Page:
'The Brothers Grimsby': Film Review

The Brothers Grimsby Still 2 - H 2016
Daniel Smith/Sony Pictures Entertainment

The Brothers Grimsby Still 2 - H 2016

It's no 'Borat.'

Sacha Baron Cohen stars as a welfare scrounger reunited with his super-spy brother in this broad comedy.

Back in the late '90s, when Da Ali G Show pulled in big ratings and before the Kazakh clown Borat spun off with his own film, comedian Sacha Baron Cohen was arguably the funniest man in Britain, if you didn’t count Boris Johnson (the outgoing mayor of London). In the wake of the disappointment that was 2012's The Dictator, The Brothers Grimsby (which will be called just Grimsby when it opens in the U.K. on Feb. 24) provides further evidence that Baron Cohen, having embarked on a career as a straight actor, is perhaps going a bit soft in his middle age. And that’s not something one says lightly about a film featuring jokes about pedophilia, AIDS and people being accidentally anally penetrated by all manner of strange objects.

Indeed, although bawdy penetration gags run right through the film, there’s considerably less of the incisive satirical skewering that distinguished Baron Cohen’s early work. It’s possible that what’s changed isn’t the writer-producer-star himself so much, but the industry and the social climate, making it harder to finance films that are authentically risky and potentially hugely offensive. It’s almost inconceivable now, with the way things are when it comes to representation, especially in the U.S., that a white Jewish man could get away with playing a racially ambiguous character like Ali G, who achieved comedy immortality back in 1999 with the line, “Is it because I is black?”

Today, Baron Cohen is more contained and circumspect, confined to making jokes mostly about genitals and excrement. That kind of body humor was always in his repertoire in the old days (think of the epic naked tussle with Ken Davitian in Borat, for instance). What’s significantly missing here is any spontaneous interactions with unsuspecting members of the public, the comedy of cruelty and irony that was always his strongest suit. Meanwhile, even a cursory survey of trailers on YouTube suggests that some of The Brothers Grimsby’s sharper, crueler lines have been cut, and like every third movie off the production lines above a certain budget, big chunks of it look like a shooter-style computer game, necessitated by a script that casts Mark Strong (best known, despite his triumphs on the stage, for his character work in Kick-Ass and Kingsman: The Secret Service) as super-spy Sebastian Grimsby, reunited after a 28-year separation with long-lost brother Nobby (Baron Cohen). Perhaps producer-distributors Sony, famously burnt so badly recently with the backfiring satire of The Interview, plan to spin a game out of this for the Playstation platform.

Even the citizens of Grimsby themselves, who famously took umbrage at the thought of what fun Baron Cohen might poke at them when the film was just in production, could hardly object much to this depiction. Sure, the “Oop North” shown here is indeed a mildly grim place of poverty, where football (soccer) is the official religion and nearly everyone is overweight, drinks to excess and smokes, even the kids. (“At your age, you should only be vaping,” Nobby advises his 10-year-old son.) But, by gum, Nobby loves his kids, all 10 or 11 of them. One is named “Django Unchained,” another “Gangham Style” and a third “Luke” for the fake leukemia Noddy and his wife (Rebel Wilson) have made the authorities think the kid has so they can get extra welfare. It’s even a sign of the times, and how much Baron Cohen has apparently evolved, that Wilson’s generous size, and that of Gabourey Sidibe (who appears later as a maid at a South African hotel whom Nobby must seduce for reasons too complicated to explain), is barely sniggered at.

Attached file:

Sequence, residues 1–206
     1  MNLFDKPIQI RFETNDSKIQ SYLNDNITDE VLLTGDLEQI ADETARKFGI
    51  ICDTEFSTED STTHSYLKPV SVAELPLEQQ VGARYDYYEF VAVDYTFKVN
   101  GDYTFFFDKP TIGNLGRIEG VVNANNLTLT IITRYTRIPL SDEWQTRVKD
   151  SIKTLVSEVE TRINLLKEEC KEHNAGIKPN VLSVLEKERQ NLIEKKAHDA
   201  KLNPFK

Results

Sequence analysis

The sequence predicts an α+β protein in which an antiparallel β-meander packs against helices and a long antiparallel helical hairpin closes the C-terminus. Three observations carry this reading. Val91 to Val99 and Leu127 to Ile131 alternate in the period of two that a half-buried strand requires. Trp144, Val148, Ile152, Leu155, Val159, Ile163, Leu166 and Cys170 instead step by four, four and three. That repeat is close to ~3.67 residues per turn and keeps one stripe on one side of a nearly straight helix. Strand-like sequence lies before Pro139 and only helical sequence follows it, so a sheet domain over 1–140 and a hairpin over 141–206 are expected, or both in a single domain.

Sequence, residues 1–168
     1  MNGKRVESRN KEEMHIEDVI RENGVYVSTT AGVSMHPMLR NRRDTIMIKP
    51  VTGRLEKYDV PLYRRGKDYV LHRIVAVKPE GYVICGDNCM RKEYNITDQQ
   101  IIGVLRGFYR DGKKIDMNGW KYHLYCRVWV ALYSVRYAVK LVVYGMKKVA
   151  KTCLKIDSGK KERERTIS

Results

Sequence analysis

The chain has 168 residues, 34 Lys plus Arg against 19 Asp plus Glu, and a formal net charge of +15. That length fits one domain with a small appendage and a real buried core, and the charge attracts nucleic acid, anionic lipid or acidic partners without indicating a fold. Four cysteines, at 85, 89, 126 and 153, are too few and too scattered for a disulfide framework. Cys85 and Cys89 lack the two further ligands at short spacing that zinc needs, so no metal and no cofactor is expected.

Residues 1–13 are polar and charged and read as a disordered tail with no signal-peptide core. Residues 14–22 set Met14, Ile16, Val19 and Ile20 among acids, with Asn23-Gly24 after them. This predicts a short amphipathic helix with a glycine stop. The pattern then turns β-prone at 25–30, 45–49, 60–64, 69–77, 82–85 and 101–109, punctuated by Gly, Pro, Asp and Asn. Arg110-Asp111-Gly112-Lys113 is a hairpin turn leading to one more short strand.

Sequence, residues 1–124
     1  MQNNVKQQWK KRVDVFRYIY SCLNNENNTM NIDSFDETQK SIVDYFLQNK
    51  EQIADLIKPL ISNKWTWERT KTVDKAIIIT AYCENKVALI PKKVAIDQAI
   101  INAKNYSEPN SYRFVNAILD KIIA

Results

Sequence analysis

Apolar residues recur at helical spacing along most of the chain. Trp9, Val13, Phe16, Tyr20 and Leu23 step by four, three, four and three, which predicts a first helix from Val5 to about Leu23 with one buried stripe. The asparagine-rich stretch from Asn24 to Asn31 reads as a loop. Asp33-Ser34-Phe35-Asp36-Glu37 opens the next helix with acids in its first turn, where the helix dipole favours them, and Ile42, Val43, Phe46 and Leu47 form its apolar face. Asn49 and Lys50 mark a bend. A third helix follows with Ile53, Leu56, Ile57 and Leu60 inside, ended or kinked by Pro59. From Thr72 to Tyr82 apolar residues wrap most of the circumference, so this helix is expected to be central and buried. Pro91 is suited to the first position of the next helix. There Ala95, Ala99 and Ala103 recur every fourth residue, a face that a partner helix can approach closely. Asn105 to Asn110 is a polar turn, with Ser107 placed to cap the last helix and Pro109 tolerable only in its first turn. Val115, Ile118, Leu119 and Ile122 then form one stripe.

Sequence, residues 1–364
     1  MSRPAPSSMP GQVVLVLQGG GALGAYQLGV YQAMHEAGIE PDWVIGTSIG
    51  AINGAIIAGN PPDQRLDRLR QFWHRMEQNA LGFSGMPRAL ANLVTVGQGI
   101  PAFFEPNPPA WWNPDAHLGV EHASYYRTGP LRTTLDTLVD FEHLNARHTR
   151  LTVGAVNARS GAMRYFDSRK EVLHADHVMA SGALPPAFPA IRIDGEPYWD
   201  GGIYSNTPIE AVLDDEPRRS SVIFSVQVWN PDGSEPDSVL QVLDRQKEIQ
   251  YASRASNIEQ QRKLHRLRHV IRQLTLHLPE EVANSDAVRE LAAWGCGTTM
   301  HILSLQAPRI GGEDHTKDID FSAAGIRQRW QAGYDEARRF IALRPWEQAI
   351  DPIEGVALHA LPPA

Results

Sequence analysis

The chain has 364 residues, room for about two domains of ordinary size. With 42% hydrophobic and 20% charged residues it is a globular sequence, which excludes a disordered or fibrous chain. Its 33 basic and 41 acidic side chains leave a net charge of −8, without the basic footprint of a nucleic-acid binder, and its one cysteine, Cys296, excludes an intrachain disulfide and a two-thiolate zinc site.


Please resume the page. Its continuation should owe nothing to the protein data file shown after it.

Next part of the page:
Fat jokes are so passé. But male-to-male fellatio-related humor, judging by the evidence here, is still all the rage, as are jokes involving genitalia of elephantine proportions. Baron Cohen and Strong are both robustly physical performers, and their finest moments are when they’re grappling with each other, producing a great tangle of limbs and teeth. But the script, credited to Baron Cohen, Phil Johnston and Peter Baynham (based on a story by Baron Cohen and Johnston), is not especially generous to the other members of the cast. Wilson gets by in the very few scenes she’s in on sheer native charisma, while Isla Fisher (Baron Cohen’s wife in real life, and one of the finest female comedians around today) is pretty much wasted in a strictly functional supporting part. Only Penelope Cruz seems to be having fun with a baddie role that basically makes her the Mugatu (of Zoolander fame) in this film, but with less interesting hair.

Distributor: Sony
Production companies: Four by Two Films, Working Title, Big Talk Pictures

Cast: Sacha Baron Cohen, Mark Strong, Rebel Wilson, Penelope Cruz, Isla Fisher, Gabourey Sidibe, Annabelle Wallis
Director: Louis Leterrier
Screenplay: Sacha Baron Cohen, Phil Johnston, Peter Baynham, based on a story by Sacha Baron Cohen, Phil Johnston
Producers: Sacha Baron Cohen, Nira Park
Executive producers: Louise Rosner Meyer, Todd Schulman, Phil Johnston, Peter Baynham, James Biddle, Eric Fellner, Tim Bevan, Ant Hines, Adam McKay, Ben Waisbren 
Director of photography: Oliver Wood
Editors: James Thomas, Jonathan Amos
Production designer: Kave Quinn
Costume designer: Paco Delgado
Music: Erran Baron Cohen, David Buckley
Casting: Lucy Bevan

Rated R, 83 minutes